African last four on a knife-edge
© AFP

Although the four sides left in the CAF Champions League have strong pedigrees on the continental and domestic stages, they all are desperate to claim the continent’s biggest club prize to solidify their place among the true elite. Three of them have lifted the trophy before, but other than Enyimba’s back-to-back triumphs in 2003 and 2004, one has to go back to 1992 and 1994 for Wydad Casablanca’s and Esperance’s triumphs respectively.

Esperance in particular are anxious to bolster their CV and dispel the perception that they are “nearly men” after a series of close calls. They lost out in the final last year to TP Mazembe, a fate that also befell them in 1999 and 2000. Beyond that, they reached the last-eight group stage twice more in the last decade, and this is their fifth time in semi-finals in that same period. It’s enough to make the Tunisians feel jinxed, but under the steady hand of coach Nabil Maaloul and propelled by a wicked attack, the Blood and Gold are favourites to reach the ultimate match again after beating Sudan’s Al Hilal in the first leg 1-0.

Young Tunisian international Youssef Msakni was the hero in that match, netting the vital away goal, and with the possible return of previously injured captain Oussama Darragi, the hosts are confident of adding to their aggregate score. That would leave the ambitious Sudanese the task of finding at least a pair of goals in Tunis, certainly a tall task for any team, although the match will be played behind closed doors. Al Hilal, who lost in the final match of this competition in 1987 and 1992, are frantic to avoid going out at this stage of the competition for the third time in five years, and Serbian coach Milutin Sredojevic has already been a casualty of the first leg defeat, being replaced by interim boss Al-Fateh Al-Nager for the contest. For his part, the previous Khartoum coach said this week that he believes his players can stun the hosts by overturning their deficit and qualifying for the final.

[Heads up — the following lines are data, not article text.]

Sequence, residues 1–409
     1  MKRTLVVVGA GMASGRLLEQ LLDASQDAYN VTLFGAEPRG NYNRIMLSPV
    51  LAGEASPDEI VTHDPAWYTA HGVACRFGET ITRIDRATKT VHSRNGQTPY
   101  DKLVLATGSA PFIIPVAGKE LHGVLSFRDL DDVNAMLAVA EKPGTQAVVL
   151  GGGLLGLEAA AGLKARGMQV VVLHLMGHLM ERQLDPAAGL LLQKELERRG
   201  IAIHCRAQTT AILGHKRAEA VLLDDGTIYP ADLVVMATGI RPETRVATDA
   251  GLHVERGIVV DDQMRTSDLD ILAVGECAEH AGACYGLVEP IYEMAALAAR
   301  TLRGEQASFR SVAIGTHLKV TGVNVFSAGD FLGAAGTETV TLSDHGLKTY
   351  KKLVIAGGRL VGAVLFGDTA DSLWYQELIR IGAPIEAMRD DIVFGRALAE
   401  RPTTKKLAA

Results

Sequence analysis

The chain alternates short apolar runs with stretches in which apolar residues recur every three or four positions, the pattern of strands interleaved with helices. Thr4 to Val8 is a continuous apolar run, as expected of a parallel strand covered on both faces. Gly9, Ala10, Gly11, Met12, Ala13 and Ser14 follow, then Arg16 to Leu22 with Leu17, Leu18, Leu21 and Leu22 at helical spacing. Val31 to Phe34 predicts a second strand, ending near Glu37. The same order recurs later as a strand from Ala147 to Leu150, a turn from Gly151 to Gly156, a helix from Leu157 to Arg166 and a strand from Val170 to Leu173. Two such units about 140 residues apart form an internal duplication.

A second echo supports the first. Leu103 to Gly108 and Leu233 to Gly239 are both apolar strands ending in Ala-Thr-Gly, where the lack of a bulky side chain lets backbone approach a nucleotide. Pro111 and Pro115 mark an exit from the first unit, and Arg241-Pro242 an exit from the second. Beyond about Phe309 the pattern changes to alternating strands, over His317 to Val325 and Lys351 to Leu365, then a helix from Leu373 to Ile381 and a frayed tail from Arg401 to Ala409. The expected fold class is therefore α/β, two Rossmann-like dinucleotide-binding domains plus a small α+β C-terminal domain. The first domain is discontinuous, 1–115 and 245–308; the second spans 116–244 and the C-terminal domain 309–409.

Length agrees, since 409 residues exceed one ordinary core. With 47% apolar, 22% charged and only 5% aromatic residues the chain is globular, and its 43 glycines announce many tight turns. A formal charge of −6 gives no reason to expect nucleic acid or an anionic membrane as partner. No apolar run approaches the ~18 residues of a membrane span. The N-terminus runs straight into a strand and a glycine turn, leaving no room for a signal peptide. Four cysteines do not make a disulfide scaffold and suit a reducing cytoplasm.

Enyimba try to stop slide
In the other showdown, Nigeria’s Enyimba will try to keep their hopes of a third continental crown alive by overturning a 1-0 defeat from the first leg at Wydad. It was a defensive performance by the People’s Elephant, who were previously unbeaten in 11 matches in the event, and they are expected to attack fiercely at the Enyimba International Stadium in Aba. However, the side that has proven themselves adept at holding other sides down defensively must be wary of giving up an away goal that would force them to score three against the wily Red and Whites.

Enyimba, who reached this stage of the competition in 2008, might also be showing their nerves of late after losing four consecutive matches, one of which was a domestic cup final and two in the league that ended their Nigerian Premier League challenge. The positive news is that experienced strikers Junior Osagie and Victor Barnabas will be back after injury layoffs for the hosts, who will also call on 25-year-old dangerman Uche Kalu to test the Moroccan's defence. Enyimba are also expecting first-choice goalkeeper Chijoke Ejiogu to return to the team after an ankle injury that saw him lose his place to impressive deputy Paul Godwin, who prevented Wydad from running up a higher score in the first leg. In fact, Michel Decastel’s men had to wait until the final minute for Benin international Pascal Angan to head them in front in Casablanca.

Wydad have a promising away record in the Champions League this year that should bolster their hopes of reaching a second-ever final. They have already claimed away draws at Esperance, Egyptian giants Al Ahly and Nigeria’s other entrant in the event Kano Pillars this year. They also have started well in the new Moroccan Botola season, and they lead in the early going with a perfect three wins from three matches with no goals conceded, including a 1-0 win this week over namesakes Wydad Fez. They have chartered a plane for the trip and will fly into Port Harcourt in order to get to the south-eastern city of Aba for Sunday’s match with the most ease.

The final will be a two-legged affair in November, and all four sides are driven to win in order to qualify for their first FIFA Club World Cup, which takes place in Japan in December.